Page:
Products
Professionals
Articles
How to prevent floor covering failures

How to prevent floor covering failures

The most common reason for floor covering failures is moisture egress from the concrete slab, but thankfully there’s a way to stop the rising damp.

Words by ArchiPro Editorial Team

Re-work is the bane of an architect’s existence. Having to go back and redo parts of a project that were already completed is not just demoralising, it costs time, money and reputation.

If an architect is trying to secure large-scale commercial projects, then the last thing he or she wants is to have products fail, because a hit to the reputation can jeopardise the brand and the ability to secure jobs.

But when it comes to concrete slabs, there’s so much potential for a flow-on effect of failures, simply because there’s a high moisture content required in the process of pouring the slab and, as we all know, moisture always finds a way of escaping.

For direct-stuck floor coverings this can be fraught with issues of degradation as the moisture rises up and interacts with adhesives, causing delamination or bubbles. For other flooring types it can be equally as hazardous, with carpets taking in moisture and floor sealants deteriorating.

But there is a way to prevent these failures, says Markham Global’s Hayden Prestidge.

“We use Aquron 2000 hydrogel, so as soon as the concrete is poured, the Aquron goes down and cures the concrete slab, and also binds up the internal moisture.”

This means that when it’s time to lay down flooring, there’s no risk to the product and, more importantly, no delay or unexpected extra cost to meet programme timelines.

Aquron 2000 is compatible with almost every flooring type that can be used on a concrete substrate, including: carpets, vinyls and tiles, as well as sealed, coloured or painted concrete.

Aquron 2000 hydrogel: how it works

The Aquron colloidal silica treatment is sprayed on at the same time the concrete slab is poured and a process of chemical attraction transforms the moisture in the slab into the state of a hydrogel. This means the moisture can’t move and can’t migrate up and degrade the adhesive.

The treatment penetrates the slab to between 100mm and 150mm deep (or the depth of the slab) and once the chemical process has occurred it can’t be reversed, so the concrete contains a permanent moisture barrier.

“It’s very cost-effective if it is used at the start of a project, but if it is done later on in the timeline, it often means working around different trades and working in small spaces and that makes it time-consuming and more costly.”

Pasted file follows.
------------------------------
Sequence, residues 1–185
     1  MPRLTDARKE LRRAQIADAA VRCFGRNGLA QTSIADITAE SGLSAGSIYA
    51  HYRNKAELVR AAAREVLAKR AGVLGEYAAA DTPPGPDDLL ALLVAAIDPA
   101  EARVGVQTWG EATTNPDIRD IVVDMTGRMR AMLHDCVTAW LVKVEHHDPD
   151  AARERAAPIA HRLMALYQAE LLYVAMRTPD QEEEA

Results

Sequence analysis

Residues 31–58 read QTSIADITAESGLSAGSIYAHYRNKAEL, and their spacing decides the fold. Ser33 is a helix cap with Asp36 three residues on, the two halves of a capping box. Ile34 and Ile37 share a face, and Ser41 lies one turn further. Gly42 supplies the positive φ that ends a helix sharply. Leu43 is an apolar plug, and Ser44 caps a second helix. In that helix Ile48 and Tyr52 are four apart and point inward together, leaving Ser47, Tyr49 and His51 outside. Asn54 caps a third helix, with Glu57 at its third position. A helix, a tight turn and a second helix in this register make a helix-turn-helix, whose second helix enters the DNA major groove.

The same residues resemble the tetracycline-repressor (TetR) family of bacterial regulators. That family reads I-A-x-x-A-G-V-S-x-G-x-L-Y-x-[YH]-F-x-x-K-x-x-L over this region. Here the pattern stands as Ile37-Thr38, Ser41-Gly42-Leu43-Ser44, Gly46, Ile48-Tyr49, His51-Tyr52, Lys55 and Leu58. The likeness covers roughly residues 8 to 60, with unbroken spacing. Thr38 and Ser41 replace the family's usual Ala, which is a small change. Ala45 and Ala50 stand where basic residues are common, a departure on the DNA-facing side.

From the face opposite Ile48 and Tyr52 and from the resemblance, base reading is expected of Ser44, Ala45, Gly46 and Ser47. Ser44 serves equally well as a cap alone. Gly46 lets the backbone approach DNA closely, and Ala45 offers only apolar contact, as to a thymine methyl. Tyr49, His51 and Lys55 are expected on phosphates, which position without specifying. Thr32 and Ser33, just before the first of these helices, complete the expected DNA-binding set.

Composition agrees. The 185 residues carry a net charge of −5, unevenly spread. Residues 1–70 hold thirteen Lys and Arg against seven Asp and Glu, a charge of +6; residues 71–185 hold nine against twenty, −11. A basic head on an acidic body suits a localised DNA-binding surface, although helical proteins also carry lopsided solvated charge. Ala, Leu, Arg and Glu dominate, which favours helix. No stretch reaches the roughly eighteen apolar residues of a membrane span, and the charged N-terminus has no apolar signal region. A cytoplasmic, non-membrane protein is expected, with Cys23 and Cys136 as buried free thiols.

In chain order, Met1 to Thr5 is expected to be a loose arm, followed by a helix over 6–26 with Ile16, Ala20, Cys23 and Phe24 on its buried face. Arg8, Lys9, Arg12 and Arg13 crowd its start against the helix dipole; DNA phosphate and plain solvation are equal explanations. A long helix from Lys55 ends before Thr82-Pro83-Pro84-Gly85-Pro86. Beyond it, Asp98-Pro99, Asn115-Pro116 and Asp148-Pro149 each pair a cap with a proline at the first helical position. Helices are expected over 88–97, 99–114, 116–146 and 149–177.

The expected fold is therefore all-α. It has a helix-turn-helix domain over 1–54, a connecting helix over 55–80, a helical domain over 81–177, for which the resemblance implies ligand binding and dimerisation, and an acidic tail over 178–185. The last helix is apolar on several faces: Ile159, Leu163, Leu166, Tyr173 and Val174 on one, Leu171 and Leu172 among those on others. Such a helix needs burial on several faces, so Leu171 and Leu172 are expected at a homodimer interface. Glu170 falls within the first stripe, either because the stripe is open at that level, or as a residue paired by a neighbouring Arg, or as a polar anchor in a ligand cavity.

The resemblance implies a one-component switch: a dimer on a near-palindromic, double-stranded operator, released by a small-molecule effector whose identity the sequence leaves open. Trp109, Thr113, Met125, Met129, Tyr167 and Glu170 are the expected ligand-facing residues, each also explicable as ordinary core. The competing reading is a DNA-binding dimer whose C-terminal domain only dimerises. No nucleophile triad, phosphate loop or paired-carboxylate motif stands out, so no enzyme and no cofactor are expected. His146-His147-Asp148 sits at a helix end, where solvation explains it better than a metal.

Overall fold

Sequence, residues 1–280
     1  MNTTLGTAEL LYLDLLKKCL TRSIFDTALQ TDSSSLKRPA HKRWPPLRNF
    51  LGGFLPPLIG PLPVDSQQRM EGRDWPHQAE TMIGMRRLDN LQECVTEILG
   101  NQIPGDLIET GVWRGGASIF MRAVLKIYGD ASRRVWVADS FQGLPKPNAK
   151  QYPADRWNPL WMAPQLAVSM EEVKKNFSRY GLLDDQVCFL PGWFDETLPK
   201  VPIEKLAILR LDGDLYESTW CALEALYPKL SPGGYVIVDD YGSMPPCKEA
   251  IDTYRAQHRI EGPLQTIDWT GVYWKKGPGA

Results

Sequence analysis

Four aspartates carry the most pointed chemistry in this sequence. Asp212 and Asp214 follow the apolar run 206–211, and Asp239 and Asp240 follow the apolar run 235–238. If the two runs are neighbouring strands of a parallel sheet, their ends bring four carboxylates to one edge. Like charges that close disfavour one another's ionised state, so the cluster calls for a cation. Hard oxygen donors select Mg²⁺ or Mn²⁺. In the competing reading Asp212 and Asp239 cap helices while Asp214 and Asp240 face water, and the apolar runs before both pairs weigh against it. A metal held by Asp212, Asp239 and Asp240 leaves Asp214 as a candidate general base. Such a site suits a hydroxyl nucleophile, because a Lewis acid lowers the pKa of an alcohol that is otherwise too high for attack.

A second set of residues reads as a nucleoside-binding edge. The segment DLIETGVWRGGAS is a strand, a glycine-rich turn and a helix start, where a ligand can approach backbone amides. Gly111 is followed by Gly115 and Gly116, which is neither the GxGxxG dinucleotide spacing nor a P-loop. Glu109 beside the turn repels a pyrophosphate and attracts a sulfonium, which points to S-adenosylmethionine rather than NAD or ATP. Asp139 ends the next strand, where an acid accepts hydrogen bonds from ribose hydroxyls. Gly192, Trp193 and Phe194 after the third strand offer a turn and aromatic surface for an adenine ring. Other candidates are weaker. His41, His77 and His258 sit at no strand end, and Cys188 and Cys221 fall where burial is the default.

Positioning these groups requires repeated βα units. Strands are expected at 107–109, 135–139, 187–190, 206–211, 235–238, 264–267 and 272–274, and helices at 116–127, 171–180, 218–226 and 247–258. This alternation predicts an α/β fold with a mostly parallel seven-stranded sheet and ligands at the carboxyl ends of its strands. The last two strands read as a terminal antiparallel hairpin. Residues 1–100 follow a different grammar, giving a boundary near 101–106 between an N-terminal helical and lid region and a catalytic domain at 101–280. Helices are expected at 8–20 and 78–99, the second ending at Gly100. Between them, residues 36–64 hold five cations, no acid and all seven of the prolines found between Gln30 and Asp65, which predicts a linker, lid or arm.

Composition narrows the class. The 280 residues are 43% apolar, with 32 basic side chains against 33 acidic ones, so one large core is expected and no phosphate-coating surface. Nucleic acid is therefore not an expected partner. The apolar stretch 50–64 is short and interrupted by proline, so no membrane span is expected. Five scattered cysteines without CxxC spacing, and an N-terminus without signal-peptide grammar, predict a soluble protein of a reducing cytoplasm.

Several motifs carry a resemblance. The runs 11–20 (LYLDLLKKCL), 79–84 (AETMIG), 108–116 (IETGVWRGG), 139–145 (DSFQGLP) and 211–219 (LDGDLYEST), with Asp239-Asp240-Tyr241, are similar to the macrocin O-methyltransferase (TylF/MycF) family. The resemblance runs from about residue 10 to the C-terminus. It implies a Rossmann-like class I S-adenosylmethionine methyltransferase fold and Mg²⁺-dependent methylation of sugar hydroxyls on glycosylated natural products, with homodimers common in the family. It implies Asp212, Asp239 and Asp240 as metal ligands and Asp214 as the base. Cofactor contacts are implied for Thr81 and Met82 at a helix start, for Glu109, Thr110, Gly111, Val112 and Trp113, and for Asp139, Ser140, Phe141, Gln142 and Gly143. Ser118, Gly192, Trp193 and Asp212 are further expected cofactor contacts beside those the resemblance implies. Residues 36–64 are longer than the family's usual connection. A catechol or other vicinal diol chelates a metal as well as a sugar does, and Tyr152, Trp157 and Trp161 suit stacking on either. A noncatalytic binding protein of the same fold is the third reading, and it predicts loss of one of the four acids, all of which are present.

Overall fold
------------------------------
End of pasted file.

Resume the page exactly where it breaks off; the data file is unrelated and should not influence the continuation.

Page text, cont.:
Markham Global treats around 150,000sqm of concrete with Aquron per month across a wide range of commercial projects.

In the past six years they’ve completed significant projects across New Zealand including the Westfield Albany and Westfield Newmarket shopping centres.

Because of the many tenants in these premises and the huge range of floor coverings specified, Aquron was the ideal solution, as it’s compatible with almost every flooring type that can be used on concrete flooring, including: carpets, vinyls and tiles, as well as sealed, coloured or painted concrete.

Even if the slab is cut into (for example, for pivot doors with floor plates), there’s no chance of moisture escaping because the chemical process permeates the slab.

As Aquron 2000 penetrates the concrete slab creating a waterproof barrier, it doesn’t allow bacteria to grow like it would in an untreated slab, making it an ideal treatment for aged-care facilities.

Aquron 2000 hydrogel: protecting the young and old

Other recent projects using Aquron include buildings for the Ministry of Education and aged care facilities for Ryman, Somerset and MetlifeCare.

For these projects it was crucial to ensure floor coverings were protected long term, but there was also an added bonus to using Aquron, which particularly applies to the education and aged care sectors, says Hayden.

“Because the hydrogel is in the concrete, it doesn’t allow bacteria to grow like it would in an untreated slab. It stops bio fluids and urine getting into the concrete, which reduces odours and increases hygiene.”

Markham operates on a “supply and apply” basis, to ensure all applications of Aquron 2000 meet strict criteria. The client then receives a 25-year warranty on the product—which goes a long way to reassuring them that there won’t be any re-work to negotiate.

Find out more about enhancing your concrete’s performance.

Get in touch with
MARKHAM

Request pricing/info
Visit website